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Continuous-Flow Differential Mobility Analysis of Nanoparticles and Biomolecules

Flagan, Richard C. (2014) Continuous-Flow Differential Mobility Analysis of Nanoparticles and Biomolecules. Annual Review of Chemical and Biomolecular Engineering, 5 . pp. 255-279. ISSN 1947-5438. doi:10.1146/annurev-chembioeng-061312-103316.

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The differential mobility analyzer (DMA) is a powerful instrument that continuously separates aerosol particles according to their migration velocities in an electric field with high resolution. Because of the low fields employed, the mobility can be related to particle size or ion cross section. Combined with a sensitive detector, such as a continuous-flow condensation particle counter, the DMA enables differential size distribution measurements to be made within minutes to seconds. Over the past few decades, these capabilities have made the DMA a central tool for aerosol characterization in the 10– 1,000-nm size range. DMAs have been adapted recently for measurement of particles as small as 1 nm and are now contributing to our understanding of nucleation, nanotechnology, and gas ions. Moreover, the opposed migration classifier, a new approach to differential mobility analysis, expands the dynamic range and shows promise both for increasing resolution beyond present levels and for changing the way that instruments are built. Thus, the DMA continues to advance methods and capabilities for physical characterization at transition from molecules to clusters to particles.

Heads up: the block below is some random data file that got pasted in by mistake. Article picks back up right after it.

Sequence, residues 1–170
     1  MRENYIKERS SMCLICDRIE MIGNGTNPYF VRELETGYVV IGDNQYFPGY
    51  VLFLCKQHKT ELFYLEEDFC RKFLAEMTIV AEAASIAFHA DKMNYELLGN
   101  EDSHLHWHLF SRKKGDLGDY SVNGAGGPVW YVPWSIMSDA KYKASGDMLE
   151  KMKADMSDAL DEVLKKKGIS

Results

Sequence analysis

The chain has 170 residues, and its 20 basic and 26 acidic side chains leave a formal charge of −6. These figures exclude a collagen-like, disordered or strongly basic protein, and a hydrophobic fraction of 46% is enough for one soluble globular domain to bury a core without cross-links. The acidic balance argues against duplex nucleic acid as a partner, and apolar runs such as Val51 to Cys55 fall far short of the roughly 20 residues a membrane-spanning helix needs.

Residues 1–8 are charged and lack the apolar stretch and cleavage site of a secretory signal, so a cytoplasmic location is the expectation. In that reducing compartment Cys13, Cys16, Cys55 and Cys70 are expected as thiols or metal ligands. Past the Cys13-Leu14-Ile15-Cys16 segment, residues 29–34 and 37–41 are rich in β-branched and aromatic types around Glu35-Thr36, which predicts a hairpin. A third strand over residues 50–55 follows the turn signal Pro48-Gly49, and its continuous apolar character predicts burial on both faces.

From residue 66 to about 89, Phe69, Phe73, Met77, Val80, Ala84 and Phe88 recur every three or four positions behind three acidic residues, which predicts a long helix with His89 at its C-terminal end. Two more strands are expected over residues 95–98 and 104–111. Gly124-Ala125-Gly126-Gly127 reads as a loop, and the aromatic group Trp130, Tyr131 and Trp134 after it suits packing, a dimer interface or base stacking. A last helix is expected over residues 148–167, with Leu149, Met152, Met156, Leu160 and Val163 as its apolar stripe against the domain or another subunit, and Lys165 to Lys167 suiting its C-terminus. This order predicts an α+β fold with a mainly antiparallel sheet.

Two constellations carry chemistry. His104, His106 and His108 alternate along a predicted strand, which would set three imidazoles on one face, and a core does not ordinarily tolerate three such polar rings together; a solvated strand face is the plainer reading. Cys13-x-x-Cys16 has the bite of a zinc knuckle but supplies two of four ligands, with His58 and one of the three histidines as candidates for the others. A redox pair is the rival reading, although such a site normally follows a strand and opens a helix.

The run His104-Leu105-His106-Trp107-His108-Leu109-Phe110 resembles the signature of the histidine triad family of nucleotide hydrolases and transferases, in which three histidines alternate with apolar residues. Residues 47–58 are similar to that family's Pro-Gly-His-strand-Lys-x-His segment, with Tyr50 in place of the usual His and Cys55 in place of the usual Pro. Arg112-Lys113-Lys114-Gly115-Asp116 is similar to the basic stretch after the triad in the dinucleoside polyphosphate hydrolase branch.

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Flagan, Richard C.0000-0001-5690-770X
Additional Information:© 2014 Annual Reviews. Review in Advance first posted online on March 20, 2014. This research was supported in part by National Science Foundation grant CBET-1236909.
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Subject Keywords:aerosol, ion mobility spectrometry, separations, nanotechnology
Record Number:CaltechAUTHORS:20140403-083109343
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Usage Policy:No commercial reproduction, distribution, display or performance rights in this work are provided.
ID Code:44618
Deposited By: Tony Diaz
Deposited On:03 Apr 2014 18:41
Last Modified:10 Nov 2021 16:54

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